Stephen Merchant tries hard to make friends in “Hello Ladies,” a new HBO series based on his stand-up routine.
Jamie Trueblood • HBO,
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Stephen Merchant says 'Hello Ladies' without Ricky Gervais
- Article by: NEAL JUSTIN
- Star Tribune
- September 28, 2013 - 2:00 PM
LOS ANGELES – If someone is going to borrow Ricky Gervais’ cringe-inducing act, it might as well be his writing partner.
Stephen Merchant, co-creator of the Gervais series “The Office,” “Extras” and “Life’s Too Short,” is front and center in HBO’s “Hello Ladies,” as Stuart, a British Web designer under the delusion that he can find true love in Los Angeles. Instead, the character trips from one embarrassing situation to another in ways that resemble the 6-foot-7 actor’s real-life stabs at romance.
Merchant was in London’s Trafalgar Square on a recent New Year’s Eve when he thought an attractive woman was checking him out.
“I’ve been on TV a few times, thought I was looking pretty good and was looking for some romantic action,” he said. “She came through the crowd towards me, looked up and said, ‘Are you going to be here a while?’ When I said I was, she said, ‘Great, because my friends and I have arranged to meet back at you.’ ”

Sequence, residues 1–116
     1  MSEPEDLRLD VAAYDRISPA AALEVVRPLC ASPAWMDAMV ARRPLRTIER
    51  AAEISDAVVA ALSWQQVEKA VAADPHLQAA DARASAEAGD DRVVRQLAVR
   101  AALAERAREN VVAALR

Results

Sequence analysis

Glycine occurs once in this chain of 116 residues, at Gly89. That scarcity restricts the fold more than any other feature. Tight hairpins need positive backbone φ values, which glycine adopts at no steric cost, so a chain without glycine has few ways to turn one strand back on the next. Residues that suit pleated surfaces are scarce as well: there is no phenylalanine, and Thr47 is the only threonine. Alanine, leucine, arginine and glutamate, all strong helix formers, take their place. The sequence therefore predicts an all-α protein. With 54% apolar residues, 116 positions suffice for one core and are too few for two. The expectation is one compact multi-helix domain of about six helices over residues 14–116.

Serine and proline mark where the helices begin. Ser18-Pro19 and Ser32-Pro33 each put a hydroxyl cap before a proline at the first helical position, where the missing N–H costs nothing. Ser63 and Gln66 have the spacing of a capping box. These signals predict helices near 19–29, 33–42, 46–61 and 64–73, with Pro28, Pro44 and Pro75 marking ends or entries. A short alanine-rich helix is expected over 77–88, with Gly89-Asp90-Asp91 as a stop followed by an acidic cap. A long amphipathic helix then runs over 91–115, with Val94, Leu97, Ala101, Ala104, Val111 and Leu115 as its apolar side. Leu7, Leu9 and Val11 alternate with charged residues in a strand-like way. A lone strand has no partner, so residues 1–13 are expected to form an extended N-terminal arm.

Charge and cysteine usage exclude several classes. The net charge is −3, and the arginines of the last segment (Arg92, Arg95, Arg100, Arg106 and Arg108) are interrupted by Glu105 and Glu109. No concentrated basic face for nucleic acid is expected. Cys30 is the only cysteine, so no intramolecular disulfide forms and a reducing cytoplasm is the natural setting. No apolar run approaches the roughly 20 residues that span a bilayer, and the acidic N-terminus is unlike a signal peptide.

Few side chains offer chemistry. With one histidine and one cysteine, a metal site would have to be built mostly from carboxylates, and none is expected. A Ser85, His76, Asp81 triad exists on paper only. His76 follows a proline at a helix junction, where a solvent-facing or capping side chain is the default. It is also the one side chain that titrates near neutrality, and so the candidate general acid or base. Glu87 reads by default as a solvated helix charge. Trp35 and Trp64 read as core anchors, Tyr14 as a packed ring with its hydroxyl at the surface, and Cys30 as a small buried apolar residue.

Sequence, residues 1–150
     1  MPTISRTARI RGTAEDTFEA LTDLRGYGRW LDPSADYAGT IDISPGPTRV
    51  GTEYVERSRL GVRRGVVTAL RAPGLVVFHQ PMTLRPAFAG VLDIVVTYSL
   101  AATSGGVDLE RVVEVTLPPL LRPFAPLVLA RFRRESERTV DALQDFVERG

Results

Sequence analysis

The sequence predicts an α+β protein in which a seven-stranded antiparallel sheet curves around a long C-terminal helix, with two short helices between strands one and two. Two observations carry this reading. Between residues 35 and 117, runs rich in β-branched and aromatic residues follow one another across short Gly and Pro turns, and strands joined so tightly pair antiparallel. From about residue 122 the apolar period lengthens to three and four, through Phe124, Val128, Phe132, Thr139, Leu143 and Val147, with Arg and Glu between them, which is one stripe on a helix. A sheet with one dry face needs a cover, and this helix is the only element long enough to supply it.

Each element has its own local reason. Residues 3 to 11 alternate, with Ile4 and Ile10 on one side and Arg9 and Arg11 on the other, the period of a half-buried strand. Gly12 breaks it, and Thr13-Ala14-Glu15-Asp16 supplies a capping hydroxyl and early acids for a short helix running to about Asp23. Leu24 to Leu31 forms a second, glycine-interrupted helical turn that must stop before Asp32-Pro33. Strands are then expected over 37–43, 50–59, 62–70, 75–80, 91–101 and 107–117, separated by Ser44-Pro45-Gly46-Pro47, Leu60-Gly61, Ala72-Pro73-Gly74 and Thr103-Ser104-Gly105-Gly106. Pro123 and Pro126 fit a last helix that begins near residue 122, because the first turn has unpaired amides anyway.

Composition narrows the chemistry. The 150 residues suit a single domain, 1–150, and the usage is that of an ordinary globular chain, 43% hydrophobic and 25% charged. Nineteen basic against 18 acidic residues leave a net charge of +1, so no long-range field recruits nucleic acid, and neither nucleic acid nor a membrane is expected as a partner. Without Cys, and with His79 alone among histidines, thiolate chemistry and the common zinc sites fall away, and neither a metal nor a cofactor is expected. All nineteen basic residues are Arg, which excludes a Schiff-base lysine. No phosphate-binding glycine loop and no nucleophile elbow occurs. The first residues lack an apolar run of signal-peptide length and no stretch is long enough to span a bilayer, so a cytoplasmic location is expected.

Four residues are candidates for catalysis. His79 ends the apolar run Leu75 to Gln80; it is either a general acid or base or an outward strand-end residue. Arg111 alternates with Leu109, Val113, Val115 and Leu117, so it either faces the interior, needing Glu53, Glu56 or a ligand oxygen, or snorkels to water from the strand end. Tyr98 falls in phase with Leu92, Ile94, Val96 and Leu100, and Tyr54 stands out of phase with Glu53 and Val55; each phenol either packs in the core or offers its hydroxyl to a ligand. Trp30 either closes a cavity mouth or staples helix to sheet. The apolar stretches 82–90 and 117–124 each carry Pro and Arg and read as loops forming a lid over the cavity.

One relationship that remains on solid ground is the one with Gervais, even though he’s not involved in “Ladies,” which is based on Merchant’s stand-up routine. Instead, Merchant teamed up with Gene Stupnitsky and Lee Eisenberg, who wrote the Cameron Diaz movie “Bad Teacher” and served as executive producers for the American version of “The Office.”
“Ricky’s actually been with his girlfriend since they were probably 20, so he’s never really experienced these types of things,” said Merchant, who met Gervais in 1997 when they were working for BBC radio. “It didn’t feel like a natural fit for he and I to work on this.”
Gervais used his solo time to create “Derek,” a surprisingly snark-free, sentimental journey about finding kindness in a retirement center that’s currently available on Netflix.
“Ladies” is more in line with what we’re used to getting from English comics: over-assured men totally unaware that they have kidney pie all over their face.
“I think there’s a veneer of optimism in American TV comedy,” Merchant said. “In England, we don’t mind ending on a more sour note.”
Merchant said that despite his show-biz status, he continues to be a social misfit. The only change is that he’s being rejected by a better class of women. He recalled attending the Golden Globes a few years ago and feeling pretty snazzy.
“I saw Pierce Brosnan walk by and I thought, ‘Wow. He looks good.’ Then I thought that I was looking pretty good,” he said. “I look down and some buttons had broke for some reason and my underwear was being exposed to Pierce and the other Hollywood stars. I borrowed a safety pin from Ricky’s girlfriend and went into the bathroom. I realized Pierce Brosnan would never be in the toilet fastening his pants. That’s the key distinction between the person I would like to be and the person I am.”
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